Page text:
In Egypt, angry talk of Western conspiracy over plane crash
Egypt is facing a Western conspiracy that seeks to scare off tourists and destroy the country's economy.
Cairo: Egyptian media have reacted with fury as Britain and the United States increasingly point to a bomb as the cause of the October 31 Russian plane crash in Sinai, with many outlets hammering home the same message: Egypt is facing a Western conspiracy that seeks to scare off tourists and destroy the country's economy.
The warnings of a plot have been widely promoted by opinion-makers in print, online, and on TV, sometimes hinting and sometimes saying flat-out that the West has restricted flights to Egypt not purely out of safety concerns for its citizens but because it wants to undermine the country or prevent President Abdel-Fattah el-Sissi from making Egypt too strong.
And though they seem wild, these conspiracy theories have apparently tapped into the Egyptian mindset -- so much so that when Russia last Friday grounded all flights to Egypt, some media speculated that Moscow had fallen victim to British pressure and manipulation.
"The people defy the conspiracy — Egypt will not cave in to pressures," the state-owned Al-Gomhuria newspaper proclaimed in a front-page headline this week. "Egypt stands up to 'the West's terrorism,'" an independent daily, El-Watan, headlined.
The rhetoric reflects in part the deep reluctance in the press to level serious criticism or suggestion of shortcomings by el-Sissi's government.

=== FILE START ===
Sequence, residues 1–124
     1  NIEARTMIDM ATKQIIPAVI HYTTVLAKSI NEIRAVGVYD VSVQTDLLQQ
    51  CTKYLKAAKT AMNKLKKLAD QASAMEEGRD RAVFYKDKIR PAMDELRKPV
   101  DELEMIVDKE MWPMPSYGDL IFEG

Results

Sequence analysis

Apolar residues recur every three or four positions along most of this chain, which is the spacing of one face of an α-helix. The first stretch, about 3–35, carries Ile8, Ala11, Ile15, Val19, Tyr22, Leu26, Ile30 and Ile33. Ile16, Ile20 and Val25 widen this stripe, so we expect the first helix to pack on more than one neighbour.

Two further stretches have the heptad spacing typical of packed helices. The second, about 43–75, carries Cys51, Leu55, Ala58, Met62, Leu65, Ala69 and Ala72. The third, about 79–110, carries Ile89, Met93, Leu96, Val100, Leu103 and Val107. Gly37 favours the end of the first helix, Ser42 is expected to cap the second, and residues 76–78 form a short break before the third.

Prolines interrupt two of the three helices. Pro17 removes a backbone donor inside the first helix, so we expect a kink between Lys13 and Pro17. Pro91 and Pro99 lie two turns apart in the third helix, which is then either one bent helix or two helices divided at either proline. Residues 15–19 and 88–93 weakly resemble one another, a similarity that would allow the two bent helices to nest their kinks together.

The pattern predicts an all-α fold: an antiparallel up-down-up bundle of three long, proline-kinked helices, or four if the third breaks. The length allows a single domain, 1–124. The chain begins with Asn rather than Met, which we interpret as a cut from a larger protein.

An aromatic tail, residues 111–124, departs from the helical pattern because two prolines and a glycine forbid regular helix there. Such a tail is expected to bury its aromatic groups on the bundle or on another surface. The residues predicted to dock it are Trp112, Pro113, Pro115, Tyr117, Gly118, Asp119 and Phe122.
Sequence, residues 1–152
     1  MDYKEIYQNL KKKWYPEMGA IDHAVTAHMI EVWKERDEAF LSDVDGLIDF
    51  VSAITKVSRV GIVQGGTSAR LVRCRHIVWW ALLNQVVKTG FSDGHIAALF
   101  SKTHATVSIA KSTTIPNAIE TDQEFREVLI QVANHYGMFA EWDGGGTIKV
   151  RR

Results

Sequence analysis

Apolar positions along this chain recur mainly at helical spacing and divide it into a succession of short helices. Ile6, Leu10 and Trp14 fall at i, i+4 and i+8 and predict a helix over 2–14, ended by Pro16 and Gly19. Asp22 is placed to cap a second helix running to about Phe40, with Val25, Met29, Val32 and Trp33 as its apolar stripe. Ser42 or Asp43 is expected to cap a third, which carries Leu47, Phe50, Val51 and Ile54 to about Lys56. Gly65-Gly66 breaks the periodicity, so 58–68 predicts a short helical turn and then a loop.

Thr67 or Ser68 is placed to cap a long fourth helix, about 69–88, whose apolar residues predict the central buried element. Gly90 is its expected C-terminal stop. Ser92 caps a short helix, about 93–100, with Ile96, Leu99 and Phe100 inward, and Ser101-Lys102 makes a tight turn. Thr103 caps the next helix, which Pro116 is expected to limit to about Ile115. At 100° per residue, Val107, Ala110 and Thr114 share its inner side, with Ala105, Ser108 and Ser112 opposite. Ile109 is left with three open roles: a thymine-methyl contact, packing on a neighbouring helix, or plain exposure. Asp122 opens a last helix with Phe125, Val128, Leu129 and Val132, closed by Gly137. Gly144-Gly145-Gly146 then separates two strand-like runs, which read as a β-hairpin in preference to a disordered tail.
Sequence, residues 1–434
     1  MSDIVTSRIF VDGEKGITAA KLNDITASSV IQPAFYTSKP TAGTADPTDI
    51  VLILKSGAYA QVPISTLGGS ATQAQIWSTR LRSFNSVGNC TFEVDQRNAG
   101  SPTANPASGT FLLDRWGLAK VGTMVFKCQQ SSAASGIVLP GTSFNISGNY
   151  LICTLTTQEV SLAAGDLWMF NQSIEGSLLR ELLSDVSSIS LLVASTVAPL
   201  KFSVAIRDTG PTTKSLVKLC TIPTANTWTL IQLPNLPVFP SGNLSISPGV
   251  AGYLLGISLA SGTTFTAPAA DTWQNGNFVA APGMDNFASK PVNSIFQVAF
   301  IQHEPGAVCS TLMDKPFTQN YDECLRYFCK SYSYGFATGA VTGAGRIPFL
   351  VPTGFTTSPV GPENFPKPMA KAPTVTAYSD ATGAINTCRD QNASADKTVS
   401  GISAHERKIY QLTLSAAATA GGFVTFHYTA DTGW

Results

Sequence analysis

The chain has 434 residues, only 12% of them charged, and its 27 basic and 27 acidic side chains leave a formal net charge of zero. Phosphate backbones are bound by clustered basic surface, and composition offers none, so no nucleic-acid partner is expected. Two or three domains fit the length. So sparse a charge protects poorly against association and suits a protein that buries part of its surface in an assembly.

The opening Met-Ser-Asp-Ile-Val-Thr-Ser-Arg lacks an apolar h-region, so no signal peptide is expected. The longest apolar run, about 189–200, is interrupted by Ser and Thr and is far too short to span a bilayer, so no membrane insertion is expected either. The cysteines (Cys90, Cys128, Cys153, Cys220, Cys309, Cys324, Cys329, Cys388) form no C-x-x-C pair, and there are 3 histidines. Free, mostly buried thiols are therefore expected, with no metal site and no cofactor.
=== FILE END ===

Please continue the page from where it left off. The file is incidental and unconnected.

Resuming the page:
Government and independent media alike have constantly lionized el-Sissi and depicted him as Egypt's savior ever since -- as head of the military -- he led the army's 2013 ouster of Islamist President Mohammed Morsi after massive protests against Morsi and the power of his Muslim Brotherhood.
Since el-Sissi's election as president the following year, most media have continued to laud him as working to bring stability.
"Denial on behalf of the state that there is a crisis and then trying to point to some kind of third party is very normal" in Egypt, Hebatalla Taha, an Egypt-focused analyst at the International Institute for Strategic Studies, told The Associated Press.
Conspiracy theories often run rampant in the Middle East for a variety of reasons — poor education, suspicion of others, a lack of government transparency, limitations on speech, and the historical fact that powers inside and outside the region do often work behind the scenes to sway events and conflicts. Often, the theories are politically fueled.